bool SDKMinimalClient::SetupHandChains(uint32_t p_SklIndex)
    // Add the Hand chain, this identifies the wrist of the hand
        ChainSettings t_ChainSettings;
        t_ChainSettings.usedSettings = ChainType::ChainType_Hand;
        t_ChainSettings.hand.handMotion = HandMotion::HandMotion_IMU;
        t_ChainSettings.hand.fingerChainIdsUsed = 5; //we will have 5 fingers
        t_ChainSettings.hand.fingerChainIds[0] = 1; //links to the other chains we will define further down
        t_ChainSettings.hand.fingerChainIds[1] = 2;
        t_ChainSettings.hand.fingerChainIds[2] = 3;
        t_ChainSettings.hand.fingerChainIds[3] = 4;
        t_ChainSettings.hand.fingerChainIds[4] = 5;

        ChainSetup t_Chain;
        ChainSetup_Init(&t_Chain); = 0; //Every ID needs to be unique per chain in a skeleton.
        t_Chain.type = ChainType::ChainType_Hand;
        t_Chain.dataType = ChainType::ChainType_Hand;
        t_Chain.side = Side::Side_Left;
        t_Chain.dataIndex = 0;
        t_Chain.nodeIdCount = 1;
        t_Chain.nodeIds[0] = 0; //this links to the hand node created in the SetupHandNodes
        t_Chain.settings = t_ChainSettings;

        SDKReturnCode t_Res = CoreSdk_AddChainToSkeletonSetup(p_SklIndex, t_Chain);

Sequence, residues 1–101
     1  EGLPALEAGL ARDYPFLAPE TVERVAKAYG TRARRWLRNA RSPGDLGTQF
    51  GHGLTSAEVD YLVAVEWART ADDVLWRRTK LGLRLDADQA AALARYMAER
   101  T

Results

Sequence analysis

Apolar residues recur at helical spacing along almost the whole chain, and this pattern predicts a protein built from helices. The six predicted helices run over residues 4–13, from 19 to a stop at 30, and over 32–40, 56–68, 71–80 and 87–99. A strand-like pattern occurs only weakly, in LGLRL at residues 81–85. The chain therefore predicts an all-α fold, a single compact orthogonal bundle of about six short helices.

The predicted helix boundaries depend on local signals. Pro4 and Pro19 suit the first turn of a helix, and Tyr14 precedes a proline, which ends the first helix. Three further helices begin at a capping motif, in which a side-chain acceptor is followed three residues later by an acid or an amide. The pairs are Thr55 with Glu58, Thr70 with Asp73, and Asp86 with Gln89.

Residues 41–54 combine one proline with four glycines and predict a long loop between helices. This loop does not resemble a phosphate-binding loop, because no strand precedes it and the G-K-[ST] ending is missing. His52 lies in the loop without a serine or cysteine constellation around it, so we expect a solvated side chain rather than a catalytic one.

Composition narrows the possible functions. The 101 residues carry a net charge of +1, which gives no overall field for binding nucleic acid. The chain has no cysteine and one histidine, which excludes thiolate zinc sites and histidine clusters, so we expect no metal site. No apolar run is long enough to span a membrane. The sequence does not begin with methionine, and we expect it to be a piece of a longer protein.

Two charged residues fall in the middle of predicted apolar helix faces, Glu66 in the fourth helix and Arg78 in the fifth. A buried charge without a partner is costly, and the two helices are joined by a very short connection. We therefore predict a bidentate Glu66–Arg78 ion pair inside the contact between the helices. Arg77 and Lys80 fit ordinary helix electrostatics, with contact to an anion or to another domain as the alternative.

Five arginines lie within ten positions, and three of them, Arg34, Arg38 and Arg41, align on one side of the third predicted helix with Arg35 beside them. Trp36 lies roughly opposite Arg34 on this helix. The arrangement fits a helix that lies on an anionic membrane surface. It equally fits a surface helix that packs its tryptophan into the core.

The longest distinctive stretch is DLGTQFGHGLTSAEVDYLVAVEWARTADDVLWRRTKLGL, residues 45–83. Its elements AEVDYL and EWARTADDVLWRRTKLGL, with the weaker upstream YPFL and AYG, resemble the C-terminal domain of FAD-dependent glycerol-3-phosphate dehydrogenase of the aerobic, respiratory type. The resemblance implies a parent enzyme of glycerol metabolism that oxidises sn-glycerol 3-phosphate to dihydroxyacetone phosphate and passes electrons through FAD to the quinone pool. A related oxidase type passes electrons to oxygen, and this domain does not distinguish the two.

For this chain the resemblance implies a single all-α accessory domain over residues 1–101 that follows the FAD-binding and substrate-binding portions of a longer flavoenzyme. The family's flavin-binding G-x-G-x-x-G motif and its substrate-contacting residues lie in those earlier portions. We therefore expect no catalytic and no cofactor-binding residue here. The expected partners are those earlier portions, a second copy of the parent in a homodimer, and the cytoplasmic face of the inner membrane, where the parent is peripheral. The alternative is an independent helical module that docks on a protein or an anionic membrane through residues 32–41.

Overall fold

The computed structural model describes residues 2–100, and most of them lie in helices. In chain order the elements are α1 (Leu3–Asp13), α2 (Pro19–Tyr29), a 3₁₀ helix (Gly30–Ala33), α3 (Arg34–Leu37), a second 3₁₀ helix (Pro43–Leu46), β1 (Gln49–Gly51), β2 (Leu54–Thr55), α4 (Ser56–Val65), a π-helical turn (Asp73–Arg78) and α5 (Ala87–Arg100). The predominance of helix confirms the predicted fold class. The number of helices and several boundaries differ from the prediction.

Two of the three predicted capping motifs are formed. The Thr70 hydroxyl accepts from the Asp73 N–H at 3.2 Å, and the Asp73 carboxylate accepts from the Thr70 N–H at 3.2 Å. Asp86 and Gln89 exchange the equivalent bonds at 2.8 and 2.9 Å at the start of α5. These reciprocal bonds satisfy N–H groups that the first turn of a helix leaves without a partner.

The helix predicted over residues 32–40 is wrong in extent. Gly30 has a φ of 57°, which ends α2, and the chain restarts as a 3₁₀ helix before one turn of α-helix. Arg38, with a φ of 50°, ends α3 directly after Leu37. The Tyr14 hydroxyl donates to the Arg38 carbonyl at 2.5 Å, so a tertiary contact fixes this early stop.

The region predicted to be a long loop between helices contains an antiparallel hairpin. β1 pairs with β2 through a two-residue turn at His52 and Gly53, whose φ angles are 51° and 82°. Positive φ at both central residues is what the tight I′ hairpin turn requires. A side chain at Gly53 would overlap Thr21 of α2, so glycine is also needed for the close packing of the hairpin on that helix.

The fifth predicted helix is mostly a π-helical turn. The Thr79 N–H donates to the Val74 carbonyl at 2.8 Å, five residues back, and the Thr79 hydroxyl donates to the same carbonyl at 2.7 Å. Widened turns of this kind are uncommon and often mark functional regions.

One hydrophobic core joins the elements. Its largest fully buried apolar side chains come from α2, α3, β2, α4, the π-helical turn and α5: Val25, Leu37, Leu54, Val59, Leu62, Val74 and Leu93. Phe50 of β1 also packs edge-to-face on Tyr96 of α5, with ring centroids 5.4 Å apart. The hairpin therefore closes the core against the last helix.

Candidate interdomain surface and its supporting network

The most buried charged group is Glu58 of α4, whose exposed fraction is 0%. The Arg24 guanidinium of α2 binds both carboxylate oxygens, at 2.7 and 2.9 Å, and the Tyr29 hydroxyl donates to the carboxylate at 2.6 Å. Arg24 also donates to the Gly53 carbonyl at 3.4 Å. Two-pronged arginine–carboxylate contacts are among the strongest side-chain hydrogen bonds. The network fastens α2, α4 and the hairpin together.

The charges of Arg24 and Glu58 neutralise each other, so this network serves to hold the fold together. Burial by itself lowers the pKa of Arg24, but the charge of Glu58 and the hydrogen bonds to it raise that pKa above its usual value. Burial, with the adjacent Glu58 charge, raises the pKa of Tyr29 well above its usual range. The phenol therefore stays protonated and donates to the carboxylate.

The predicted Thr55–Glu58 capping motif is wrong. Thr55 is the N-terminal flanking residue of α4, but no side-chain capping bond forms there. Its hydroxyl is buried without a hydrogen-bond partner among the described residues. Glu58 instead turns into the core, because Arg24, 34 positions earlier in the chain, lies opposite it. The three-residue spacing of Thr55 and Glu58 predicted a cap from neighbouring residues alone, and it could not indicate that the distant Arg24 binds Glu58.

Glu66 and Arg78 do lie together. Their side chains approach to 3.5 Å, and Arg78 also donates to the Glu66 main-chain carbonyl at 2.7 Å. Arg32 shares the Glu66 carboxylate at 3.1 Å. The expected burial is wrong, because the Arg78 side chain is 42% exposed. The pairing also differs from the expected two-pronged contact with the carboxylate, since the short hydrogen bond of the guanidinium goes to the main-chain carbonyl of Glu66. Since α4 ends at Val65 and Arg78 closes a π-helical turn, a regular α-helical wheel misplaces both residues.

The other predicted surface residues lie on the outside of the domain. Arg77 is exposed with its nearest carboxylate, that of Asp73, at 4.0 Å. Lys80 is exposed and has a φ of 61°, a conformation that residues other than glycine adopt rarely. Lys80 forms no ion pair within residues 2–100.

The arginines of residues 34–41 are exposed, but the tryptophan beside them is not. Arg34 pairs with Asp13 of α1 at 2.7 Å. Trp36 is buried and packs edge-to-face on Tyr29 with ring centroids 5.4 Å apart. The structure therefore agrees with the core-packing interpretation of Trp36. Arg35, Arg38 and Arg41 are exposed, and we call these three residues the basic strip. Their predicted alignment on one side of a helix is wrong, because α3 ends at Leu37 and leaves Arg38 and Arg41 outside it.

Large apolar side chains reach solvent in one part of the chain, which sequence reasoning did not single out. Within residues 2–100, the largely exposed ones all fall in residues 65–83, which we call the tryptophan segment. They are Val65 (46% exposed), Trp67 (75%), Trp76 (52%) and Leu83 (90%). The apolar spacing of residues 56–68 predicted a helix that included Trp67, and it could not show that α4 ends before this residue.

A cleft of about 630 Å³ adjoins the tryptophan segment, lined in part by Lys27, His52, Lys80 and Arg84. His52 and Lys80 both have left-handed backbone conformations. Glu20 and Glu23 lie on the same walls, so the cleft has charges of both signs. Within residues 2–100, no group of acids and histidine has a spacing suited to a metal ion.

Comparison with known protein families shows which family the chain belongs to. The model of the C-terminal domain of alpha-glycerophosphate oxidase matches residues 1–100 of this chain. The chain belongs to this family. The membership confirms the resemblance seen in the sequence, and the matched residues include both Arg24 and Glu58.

if (t_Res != SDKReturnCode::SDKReturnCode_Success)
            return false;

    // Add the 5 finger chains
    const ChainType t_FingerTypes[5] = { ChainType::ChainType_FingerThumb,
        ChainType::ChainType_FingerPinky };
    for (int i = 0; i < 5; i++)
        ChainSettings t_ChainSettings;
        t_ChainSettings.usedSettings = t_FingerTypes[i];
        t_ChainSettings.finger.handChainId = 0; //This links to the wrist chain above.
        //This identifies the metacarpal bone, if none exists, or the chain is a thumb it should be set to -1.
        //The metacarpal bone should not be part of the finger chain, unless you are defining a thumb which does need it.
        t_ChainSettings.finger.metacarpalBoneId = -1;
        t_ChainSettings.finger.useLeafAtEnd = false; //this is set to true if there is a leaf bone to the tip of the finger.
        ChainSetup t_Chain;
        ChainSetup_Init(&t_Chain); = i + 1; //Every ID needs to be unique per chain in a skeleton.
        t_Chain.type = t_FingerTypes[i];
        t_Chain.dataType = t_FingerTypes[i];
        t_Chain.side = Side::Side_Left;
        t_Chain.dataIndex = 0;
        if (i == 0) // Thumb
            t_Chain.nodeIdCount = 4; //The amount of node id's used in the array
            t_Chain.nodeIds[0] = 1; //this links to the hand node created in the SetupHandNodes
            t_Chain.nodeIds[1] = 2; //this links to the hand node created in the SetupHandNodes
            t_Chain.nodeIds[2] = 3; //this links to the hand node created in the SetupHandNodes